You know the one – that student who always finishes first, and appears to have nothing else to do. Sometimes he or she gets into trouble. Sometimes, you get tapped on the shoulder, and hear a voice say, “What should I do now?”
You’re busy. There are other children who didn’t understand, who need your help. So, you fall back on one of the oldies but goodies. “You can read your book.” Or, maybe, “Why don’t you go help Jeannie?”
Some students are quite happy to be told to read a book. Left to their own devices, they would probably read all day. And some students enjoy helping others.
But not all.
And even if all students were thrilled with those choices, the problem is that those choices do not solve the real problem – which is that they are not learning anything new.
I recently read a blog post that recommended those solutions for gifted children. It was a well-meaning post, but it infuriated me. Too many people will read those suggestions and feel that they will be meeting the needs of everyone in their class if they resort to those strategies daily.
As teachers, it is our obligation to make sure that every child in our class learns something new every day. If we don’t do that, then we are just glorified babysitters with college degrees.
Some people like to justify using students as peer tutors by saying, “Teaching helps them to learn, too.” But, if they already knew the topic so well that they could finish in 5 minutes what will take the rest of the class 45 minutes, how much more do they need to learn? And, if they are not high in social skills, then the student who is being “helped” is at a disadvantage, too. Social skills will not magically improve by forced interactions – particularly if the teacher is not there to give guidance.
As for the book solution, it is useless if there is no specific purpose. Even if the student is reading a book that would be considered advanced for his or her age, it is just another way to pass the time. The student might as well be sitting in an armchair at home eating potato chips while he reads Beowulf.
So, what should you do? There is not one right answer. But here are some things that I’ve come across in my 24 years of teaching that might be worth trying:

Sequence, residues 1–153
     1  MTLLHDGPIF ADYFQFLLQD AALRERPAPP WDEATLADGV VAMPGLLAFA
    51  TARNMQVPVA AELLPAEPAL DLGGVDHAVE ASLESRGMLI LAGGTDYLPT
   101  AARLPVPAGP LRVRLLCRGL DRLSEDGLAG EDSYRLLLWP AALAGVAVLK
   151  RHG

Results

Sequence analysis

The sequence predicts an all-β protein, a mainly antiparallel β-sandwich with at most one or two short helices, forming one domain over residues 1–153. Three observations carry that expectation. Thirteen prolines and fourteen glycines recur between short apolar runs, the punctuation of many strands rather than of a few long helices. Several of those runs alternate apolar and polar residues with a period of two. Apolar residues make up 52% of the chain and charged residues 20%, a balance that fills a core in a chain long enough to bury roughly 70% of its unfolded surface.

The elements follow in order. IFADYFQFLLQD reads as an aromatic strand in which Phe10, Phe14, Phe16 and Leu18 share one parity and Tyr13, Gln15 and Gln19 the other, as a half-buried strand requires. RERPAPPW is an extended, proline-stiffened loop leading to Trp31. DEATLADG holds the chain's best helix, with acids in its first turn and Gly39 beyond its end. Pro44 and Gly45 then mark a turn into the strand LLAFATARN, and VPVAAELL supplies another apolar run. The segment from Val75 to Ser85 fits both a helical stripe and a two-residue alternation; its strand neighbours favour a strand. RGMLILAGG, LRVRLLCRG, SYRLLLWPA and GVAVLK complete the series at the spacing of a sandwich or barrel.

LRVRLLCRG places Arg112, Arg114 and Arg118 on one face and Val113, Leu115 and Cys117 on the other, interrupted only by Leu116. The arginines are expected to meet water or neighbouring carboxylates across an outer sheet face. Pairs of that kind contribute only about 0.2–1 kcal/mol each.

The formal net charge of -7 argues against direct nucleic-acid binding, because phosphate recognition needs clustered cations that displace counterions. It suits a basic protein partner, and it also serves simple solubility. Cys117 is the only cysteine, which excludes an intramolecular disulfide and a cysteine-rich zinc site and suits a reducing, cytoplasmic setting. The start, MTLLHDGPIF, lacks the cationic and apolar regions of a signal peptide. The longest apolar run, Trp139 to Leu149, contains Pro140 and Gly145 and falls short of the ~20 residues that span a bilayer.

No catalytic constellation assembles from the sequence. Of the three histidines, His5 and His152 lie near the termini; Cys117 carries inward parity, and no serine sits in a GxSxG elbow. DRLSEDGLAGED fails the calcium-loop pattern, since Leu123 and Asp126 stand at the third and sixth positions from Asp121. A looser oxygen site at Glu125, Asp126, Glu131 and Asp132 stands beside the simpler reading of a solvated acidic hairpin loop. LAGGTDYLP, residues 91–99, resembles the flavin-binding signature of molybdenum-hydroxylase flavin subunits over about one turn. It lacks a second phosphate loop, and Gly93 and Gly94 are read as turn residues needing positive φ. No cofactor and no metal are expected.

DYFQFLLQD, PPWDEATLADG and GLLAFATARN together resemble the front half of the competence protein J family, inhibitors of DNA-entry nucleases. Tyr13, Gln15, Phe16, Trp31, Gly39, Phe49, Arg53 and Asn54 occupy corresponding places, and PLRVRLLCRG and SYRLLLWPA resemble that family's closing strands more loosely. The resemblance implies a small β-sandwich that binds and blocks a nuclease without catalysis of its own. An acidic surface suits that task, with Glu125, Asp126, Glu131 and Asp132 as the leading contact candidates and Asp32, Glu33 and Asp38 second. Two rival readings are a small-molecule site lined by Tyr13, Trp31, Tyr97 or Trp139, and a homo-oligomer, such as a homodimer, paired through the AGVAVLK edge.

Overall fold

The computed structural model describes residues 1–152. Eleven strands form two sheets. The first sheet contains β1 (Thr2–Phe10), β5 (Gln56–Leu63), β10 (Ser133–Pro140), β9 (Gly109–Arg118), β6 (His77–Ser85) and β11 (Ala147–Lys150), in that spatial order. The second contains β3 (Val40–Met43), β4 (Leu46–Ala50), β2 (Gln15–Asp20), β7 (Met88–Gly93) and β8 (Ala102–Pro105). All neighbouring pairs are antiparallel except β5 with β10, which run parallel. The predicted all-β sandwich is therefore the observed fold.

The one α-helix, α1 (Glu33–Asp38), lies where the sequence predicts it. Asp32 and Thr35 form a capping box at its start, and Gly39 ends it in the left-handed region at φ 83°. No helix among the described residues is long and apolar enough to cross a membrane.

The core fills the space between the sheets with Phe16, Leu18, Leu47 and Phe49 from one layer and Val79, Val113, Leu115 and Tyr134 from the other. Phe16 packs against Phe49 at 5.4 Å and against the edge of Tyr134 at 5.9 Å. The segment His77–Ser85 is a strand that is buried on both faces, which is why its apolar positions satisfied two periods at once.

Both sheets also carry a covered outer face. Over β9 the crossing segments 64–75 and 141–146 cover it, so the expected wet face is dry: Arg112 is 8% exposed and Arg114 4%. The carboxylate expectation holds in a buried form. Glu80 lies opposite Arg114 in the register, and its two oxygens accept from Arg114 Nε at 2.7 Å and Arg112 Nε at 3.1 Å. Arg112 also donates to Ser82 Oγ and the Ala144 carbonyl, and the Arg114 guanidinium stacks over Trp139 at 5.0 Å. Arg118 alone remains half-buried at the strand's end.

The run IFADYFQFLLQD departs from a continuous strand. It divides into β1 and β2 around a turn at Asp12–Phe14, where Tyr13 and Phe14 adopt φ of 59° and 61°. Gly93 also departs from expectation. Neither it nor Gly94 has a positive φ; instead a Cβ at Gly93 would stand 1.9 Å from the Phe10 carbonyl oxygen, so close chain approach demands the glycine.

- let students “test” out of units by giving them a pre-test
- assign students an upcoming skill that he or she can learn and then teach the class
- teach units that are open-ended, particularly project-based learning units, and that allow for all students to take the learning as far as their own abilities allow
- allow students to use Khan Academy or other video curriculum to work on advanced units (but integrate this with other collaborative classroom activities)
- give them the answers to a multiple choice assessment, and have them create the questions
- allow them to work on a Genius Hour project (also called Passion Projects or 20% Time)
- use Ian Byrd’s Differentiator (or assign the student to use it) to plan a project
- give students a tic-tac-toe board of choices – but make sure they include rigorous choices, and not just “busy work”
There are entire books written on this topic, and many people who can give great suggestions. I highly recommend www.byrdseed.com, notjustchildsplay.blogspot.com, and venspired.com for some fabulous online GT resources.
I am passionate about this topic for many reasons. But the largest reason is that I have regrets. For many years, I was the teacher who thought it was okay to let students read a book or help someone else when they finished their work. I can’t tell you the exact moment that I realized that it’s not okay for this to be your entire differentiation toolbox. But I really wish I could go back and give those “early finishers” the education they deserved.